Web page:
Victor Koppe, defense counsel for Nuon Chea, said Tuesday that he would not apologize for criticizing judges at the Khmer Rouge tribunal last week after the court’s Trial Chamber threatened to take action against the lawyer if he refused to “correct his behavior.”
The defense teams for Nuon Chea and Khieu Samphan—who are both on trial for crimes including genocide in the second phase of Case 002—walked out of the courtroom on Wednesday last week during a dispute over the prosecution’s planned use of written records of interview (WRI) in a documentary hearing.
During heated debates last week, Mr. Koppe referred to the hearing as “a farce” and said Judge Jean-Marc Lavergne “had made cowardly decisions and lacked judicial integrity” throughout the case.
After reaffirming that WRIs were permissible during documentary hearings Tuesday, tribunal President Nil Nonn warned the Dutch lawyer about his conduct.
“During the session on 27 August, 2015, some disparaging statements were made by Mr. Koppe and directed to members of the trial panel…. The chamber is in the process of considering what action would be appropriate to take in this matter,” Judge Nonn said.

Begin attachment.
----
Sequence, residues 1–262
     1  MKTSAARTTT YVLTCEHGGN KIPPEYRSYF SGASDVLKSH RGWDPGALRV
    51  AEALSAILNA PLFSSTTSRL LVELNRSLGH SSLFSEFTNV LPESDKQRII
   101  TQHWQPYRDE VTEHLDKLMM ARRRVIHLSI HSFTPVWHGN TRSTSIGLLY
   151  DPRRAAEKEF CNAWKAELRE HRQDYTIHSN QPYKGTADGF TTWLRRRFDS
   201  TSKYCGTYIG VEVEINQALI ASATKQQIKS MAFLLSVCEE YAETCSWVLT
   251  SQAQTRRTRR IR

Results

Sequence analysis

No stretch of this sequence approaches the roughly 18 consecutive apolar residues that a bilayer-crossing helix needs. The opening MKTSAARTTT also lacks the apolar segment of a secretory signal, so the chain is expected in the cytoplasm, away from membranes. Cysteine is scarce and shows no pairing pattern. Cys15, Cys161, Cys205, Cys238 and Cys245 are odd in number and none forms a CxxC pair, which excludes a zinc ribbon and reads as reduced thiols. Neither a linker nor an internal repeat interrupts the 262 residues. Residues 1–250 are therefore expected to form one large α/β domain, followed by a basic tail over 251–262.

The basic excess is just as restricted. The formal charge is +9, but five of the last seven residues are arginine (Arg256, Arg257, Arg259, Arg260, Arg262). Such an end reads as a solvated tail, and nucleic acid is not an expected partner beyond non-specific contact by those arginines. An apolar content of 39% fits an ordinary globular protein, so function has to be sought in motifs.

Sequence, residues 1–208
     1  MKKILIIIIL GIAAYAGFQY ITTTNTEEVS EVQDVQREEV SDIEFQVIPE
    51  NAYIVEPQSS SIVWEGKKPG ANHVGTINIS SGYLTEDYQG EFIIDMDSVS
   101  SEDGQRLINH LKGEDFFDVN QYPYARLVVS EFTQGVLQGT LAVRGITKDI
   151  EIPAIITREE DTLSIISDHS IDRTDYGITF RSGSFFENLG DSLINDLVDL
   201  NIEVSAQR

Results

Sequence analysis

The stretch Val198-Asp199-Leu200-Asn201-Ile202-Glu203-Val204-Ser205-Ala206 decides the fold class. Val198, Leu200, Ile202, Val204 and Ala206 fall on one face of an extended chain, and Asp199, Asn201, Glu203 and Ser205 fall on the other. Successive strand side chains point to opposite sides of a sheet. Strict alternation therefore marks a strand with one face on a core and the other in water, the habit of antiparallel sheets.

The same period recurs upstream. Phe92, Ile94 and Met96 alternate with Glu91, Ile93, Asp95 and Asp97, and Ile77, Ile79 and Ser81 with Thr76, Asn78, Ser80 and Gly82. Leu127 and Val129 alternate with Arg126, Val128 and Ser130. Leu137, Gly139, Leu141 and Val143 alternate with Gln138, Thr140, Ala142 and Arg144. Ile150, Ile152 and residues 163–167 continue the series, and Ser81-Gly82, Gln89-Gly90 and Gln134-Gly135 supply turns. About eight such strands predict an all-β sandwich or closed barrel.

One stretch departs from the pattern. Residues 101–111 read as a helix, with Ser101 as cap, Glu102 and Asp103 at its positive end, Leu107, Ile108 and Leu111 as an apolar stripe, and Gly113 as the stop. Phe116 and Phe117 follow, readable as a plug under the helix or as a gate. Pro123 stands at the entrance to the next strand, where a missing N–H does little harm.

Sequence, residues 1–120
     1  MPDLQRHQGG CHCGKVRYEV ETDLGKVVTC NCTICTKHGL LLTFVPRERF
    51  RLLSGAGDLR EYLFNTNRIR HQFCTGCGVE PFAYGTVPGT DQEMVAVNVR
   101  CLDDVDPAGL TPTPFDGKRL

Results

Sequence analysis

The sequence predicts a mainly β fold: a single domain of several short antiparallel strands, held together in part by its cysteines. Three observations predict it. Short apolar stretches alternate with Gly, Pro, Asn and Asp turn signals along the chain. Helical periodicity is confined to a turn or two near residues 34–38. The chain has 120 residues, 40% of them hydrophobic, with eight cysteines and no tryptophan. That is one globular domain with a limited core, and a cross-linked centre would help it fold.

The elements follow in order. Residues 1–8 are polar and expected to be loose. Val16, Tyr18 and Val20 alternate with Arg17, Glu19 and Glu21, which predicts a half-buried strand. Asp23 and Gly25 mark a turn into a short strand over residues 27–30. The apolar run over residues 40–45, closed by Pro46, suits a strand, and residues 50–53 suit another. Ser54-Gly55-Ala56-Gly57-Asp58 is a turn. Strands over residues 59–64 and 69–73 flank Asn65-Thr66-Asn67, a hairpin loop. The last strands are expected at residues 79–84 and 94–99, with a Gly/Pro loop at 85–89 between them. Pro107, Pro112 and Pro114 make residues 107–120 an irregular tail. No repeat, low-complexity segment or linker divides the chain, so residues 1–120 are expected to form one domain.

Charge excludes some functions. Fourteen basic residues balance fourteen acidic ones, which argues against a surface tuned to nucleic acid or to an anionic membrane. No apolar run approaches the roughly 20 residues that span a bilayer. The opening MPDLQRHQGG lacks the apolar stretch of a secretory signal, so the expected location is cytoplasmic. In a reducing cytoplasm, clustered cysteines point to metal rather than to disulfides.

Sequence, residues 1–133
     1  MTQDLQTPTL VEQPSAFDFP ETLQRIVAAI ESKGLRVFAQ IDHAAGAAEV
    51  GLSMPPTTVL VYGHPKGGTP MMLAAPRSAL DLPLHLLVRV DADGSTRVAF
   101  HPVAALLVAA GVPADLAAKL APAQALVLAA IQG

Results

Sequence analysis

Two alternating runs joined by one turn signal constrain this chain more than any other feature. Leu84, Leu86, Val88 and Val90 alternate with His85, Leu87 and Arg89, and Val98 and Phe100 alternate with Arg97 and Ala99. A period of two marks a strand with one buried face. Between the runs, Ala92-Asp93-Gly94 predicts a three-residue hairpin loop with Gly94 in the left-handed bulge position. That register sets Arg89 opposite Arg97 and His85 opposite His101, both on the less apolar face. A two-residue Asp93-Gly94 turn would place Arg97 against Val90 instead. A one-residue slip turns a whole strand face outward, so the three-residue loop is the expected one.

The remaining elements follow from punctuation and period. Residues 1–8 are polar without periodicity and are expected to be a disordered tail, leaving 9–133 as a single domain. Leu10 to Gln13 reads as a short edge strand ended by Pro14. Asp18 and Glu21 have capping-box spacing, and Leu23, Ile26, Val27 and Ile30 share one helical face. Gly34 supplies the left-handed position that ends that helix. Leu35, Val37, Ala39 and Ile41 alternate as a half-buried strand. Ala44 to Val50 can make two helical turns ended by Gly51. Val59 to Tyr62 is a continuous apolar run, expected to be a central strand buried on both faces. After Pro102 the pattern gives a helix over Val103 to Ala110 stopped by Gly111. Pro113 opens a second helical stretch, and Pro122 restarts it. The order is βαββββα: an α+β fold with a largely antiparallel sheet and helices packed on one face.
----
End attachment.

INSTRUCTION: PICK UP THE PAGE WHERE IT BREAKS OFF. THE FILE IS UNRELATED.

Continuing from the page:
“The Chamber wishes to offer Mr. Koppe an opportunity to correct his behavior and note that if he fails to do so, the Chamber will have no choice but to take some action. The Chamber will notify the parties further on the situation in due course of time,” he said.
In an email, Mr. Koppe said Judge Nonn’s threat was unclear, but that he would not apologize for his comments.
“I’m also not sure how to interpret this exactly. I think I’ll wait for some written decision,” he said. “What ‘taking action’ means I also don’t know. Either a warning or a referral to my bar in Amsterdam, I would imagine.
“Will I retract what I said last week? The answer is no,” he added.
After Judge Nonn’s announcement Tuesday, the court heard the first of statements of harm and suffering from civil parties related to the current segment of the second phase of Case 002, including from Nuon Narom, who was based at the January 1 dam site in Kompong Thom province.
After recounting now-familiar anecdotes of disappearances, malnutrition and overwork at the site, a visibly distressed Ms. Narom put questions to the defendants.
“I have young nephews, about 7 or 8, who were very young and innocent, and their lives were lost. And you, you killed so many people again and again. You killed your own people. What was the purpose of that?” Ms. Narom asked Nuon Chea and Khieu Samphan. “Did you want to replace the Khmer people by another group of people?”
Both the accused exercised their right to remain silent.